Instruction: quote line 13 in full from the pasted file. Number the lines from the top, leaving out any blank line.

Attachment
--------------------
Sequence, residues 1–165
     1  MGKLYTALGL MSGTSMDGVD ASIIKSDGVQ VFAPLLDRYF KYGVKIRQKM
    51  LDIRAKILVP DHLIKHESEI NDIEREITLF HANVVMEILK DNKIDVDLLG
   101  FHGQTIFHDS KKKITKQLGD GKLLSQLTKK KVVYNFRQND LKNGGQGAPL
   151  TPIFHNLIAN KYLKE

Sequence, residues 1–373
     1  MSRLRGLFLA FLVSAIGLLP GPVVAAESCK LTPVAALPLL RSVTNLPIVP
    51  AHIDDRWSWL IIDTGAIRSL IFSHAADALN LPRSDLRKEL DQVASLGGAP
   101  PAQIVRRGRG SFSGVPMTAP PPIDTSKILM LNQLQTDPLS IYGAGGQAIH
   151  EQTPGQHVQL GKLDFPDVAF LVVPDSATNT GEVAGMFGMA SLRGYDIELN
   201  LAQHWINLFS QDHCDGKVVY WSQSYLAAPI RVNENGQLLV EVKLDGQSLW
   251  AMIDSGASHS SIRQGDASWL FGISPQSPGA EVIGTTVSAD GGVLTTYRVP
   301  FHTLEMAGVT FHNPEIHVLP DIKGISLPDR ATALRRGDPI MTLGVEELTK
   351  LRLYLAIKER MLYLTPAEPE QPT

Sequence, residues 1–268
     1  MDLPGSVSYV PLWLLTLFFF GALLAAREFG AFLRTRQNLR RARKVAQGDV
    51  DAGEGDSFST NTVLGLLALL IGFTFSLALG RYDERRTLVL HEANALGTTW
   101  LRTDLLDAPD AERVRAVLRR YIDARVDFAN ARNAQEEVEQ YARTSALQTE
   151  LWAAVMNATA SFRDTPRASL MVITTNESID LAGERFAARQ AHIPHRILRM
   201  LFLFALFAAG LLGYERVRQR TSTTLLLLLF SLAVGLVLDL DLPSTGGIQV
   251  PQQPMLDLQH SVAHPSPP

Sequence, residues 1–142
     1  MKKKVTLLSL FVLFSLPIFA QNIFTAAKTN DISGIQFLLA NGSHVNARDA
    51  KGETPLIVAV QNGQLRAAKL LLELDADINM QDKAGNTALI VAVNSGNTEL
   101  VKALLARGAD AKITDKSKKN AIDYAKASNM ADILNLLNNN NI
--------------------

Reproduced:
   301  FHTLEMAGVT FHNPEIHVLP DIKGISLPDR ATALRRGDPI MTLGVEELTK